The temples from the sites of Kalabsha and Beit al-Wali were moved to the island of New Kalabsha near Aswan. This rocky island, redolent of fish, is uninhabited save for a few dogs, foxes, and the antiquities guards that care for the temple and monitor the ticket booth. The view of the lake and the dam is very fine from the island, and especially charming from the landing dock.
The largest freestanding Egyptian temple in Nubia, Kalabsha was built by Augustus Caesar (who reigned from 27 BC to AD 14) and dedicated to Osiris, Isis, and Mandulis, the latter a Nubian fertility god with a very elaborate headdress. Although the temple building was almost completed in antiquity, its decoration was never finished. Only three inner rooms, as well as portions of the exterior, are completely decorated with reliefs. Kalabsha's half-finished column capitals and fragments of relief decoration do, however, provide a great deal of information about ancient construction and carving techniques.
temple complex includes a birth house, in the southwest corner, and a small chapel in the northeast corner, dating to the Ptolemaic period. A large rock stela dating to the reign of Seti I has also been erected at this site. Its original location was Qasr Ibrim.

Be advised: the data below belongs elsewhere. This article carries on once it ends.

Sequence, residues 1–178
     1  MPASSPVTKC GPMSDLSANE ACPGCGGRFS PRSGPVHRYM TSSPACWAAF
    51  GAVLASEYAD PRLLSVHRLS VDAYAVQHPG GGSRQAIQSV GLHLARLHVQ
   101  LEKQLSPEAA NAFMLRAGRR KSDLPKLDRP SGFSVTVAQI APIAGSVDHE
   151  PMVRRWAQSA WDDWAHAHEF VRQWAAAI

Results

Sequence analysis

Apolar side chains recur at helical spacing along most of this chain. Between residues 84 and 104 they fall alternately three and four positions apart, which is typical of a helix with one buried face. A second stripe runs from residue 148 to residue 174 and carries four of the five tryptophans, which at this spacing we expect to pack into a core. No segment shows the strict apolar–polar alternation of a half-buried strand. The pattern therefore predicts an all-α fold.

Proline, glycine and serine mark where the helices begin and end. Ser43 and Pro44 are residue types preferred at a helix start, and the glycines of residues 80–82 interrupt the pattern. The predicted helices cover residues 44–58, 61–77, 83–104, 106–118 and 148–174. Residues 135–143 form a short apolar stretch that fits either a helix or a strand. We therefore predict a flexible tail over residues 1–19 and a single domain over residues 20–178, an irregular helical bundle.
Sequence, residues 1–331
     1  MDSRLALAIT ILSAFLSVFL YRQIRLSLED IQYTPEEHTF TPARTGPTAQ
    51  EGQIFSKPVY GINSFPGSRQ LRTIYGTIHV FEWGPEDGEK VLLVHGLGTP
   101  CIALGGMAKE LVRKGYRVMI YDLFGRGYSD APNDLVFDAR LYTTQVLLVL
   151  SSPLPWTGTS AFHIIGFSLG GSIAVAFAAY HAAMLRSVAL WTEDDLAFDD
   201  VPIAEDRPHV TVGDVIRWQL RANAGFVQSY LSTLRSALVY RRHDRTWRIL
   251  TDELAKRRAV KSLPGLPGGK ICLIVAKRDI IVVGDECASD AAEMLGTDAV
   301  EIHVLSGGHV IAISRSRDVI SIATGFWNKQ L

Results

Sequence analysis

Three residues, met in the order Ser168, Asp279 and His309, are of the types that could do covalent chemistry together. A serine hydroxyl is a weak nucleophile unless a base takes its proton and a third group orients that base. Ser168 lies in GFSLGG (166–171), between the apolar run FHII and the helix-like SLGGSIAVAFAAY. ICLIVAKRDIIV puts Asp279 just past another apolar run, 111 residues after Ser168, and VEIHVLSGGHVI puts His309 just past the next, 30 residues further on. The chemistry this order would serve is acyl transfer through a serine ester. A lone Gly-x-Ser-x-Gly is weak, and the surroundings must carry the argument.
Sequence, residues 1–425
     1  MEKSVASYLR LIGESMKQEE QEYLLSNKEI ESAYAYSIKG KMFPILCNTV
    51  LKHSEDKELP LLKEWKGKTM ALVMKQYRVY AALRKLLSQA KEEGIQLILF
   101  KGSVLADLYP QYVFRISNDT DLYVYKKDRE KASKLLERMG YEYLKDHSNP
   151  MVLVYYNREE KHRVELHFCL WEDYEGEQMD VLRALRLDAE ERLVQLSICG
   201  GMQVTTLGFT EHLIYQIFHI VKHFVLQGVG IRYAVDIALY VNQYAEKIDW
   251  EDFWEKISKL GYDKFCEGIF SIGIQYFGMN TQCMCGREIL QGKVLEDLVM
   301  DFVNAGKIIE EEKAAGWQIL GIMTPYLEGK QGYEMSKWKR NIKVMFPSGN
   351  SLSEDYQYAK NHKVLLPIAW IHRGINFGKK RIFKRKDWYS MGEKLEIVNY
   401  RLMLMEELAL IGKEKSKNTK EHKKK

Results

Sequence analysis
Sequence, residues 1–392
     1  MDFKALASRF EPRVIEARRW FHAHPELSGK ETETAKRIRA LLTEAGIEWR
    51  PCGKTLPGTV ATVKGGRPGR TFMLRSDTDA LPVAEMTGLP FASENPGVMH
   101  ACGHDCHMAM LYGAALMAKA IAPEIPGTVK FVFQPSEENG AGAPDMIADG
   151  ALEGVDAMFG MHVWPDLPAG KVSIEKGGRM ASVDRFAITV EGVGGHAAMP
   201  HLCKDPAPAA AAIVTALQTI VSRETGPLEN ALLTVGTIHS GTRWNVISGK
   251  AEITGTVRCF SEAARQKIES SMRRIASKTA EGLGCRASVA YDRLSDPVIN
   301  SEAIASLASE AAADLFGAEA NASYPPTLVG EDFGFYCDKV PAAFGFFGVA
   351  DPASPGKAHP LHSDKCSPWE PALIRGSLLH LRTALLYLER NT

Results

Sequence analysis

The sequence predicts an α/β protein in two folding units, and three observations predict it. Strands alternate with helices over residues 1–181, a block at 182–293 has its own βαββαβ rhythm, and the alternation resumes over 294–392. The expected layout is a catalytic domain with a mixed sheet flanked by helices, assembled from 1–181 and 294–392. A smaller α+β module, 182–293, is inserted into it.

Several large boulders covered with petroglyphs of uncertain date stand along a walkway on the south side of the temple. The petroglyphs, which resemble those of the southern African San (Bushmen), include carvings of people and animals, such as elephants and antelopes.
Behind the Temple of Kalabsha, a walkway rounds a bend and arrives at the small, rock-cut temple of Beit al-Wali. This diminutive but colorful monument was removed from its cliff-side home—the ancients carved it out of the cliff, like the temples at Abu Simbel—and moved to New Kalabsha in the 1960s. Ramses II commissioned Beit al-Wali and dedicated it to Amun-Ra and other deities.
Originally, the temple was fronted by a mud-brick pylon, which was not moved, and consisted of an entrance hall, a hypostyle hall, and a sanctuary. This small, jewel-like temple is a delight, because its painted decorations—its reds, blues, and greens—still look very fresh. The entrance hall contains scenes of Ramses II quelling various enemies of Egypt, often accompanied by a pet lion. The columned hall shows the pharaoh interacting with different deities, chief among them being Amun-Ra. The sanctuary contains carved seated statues of Ramses II and deities, such as Horus, Isis, and Khnum.
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